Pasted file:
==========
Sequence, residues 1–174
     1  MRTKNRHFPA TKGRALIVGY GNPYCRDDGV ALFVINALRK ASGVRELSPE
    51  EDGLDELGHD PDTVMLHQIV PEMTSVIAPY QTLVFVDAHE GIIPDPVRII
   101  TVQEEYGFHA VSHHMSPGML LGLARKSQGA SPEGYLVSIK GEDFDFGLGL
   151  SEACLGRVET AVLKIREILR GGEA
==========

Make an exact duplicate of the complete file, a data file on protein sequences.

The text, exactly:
Sequence, residues 1–174
     1  MRTKNRHFPA TKGRALIVGY GNPYCRDDGV ALFVINALRK ASGVRELSPE
    51  EDGLDELGHD PDTVMLHQIV PEMTSVIAPY QTLVFVDAHE GIIPDPVRII
   101  TVQEEYGFHA VSHHMSPGML LGLARKSQGA SPEGYLVSIK GEDFDFGLGL
   151  SEACLGRVET AVLKIREILR GGEA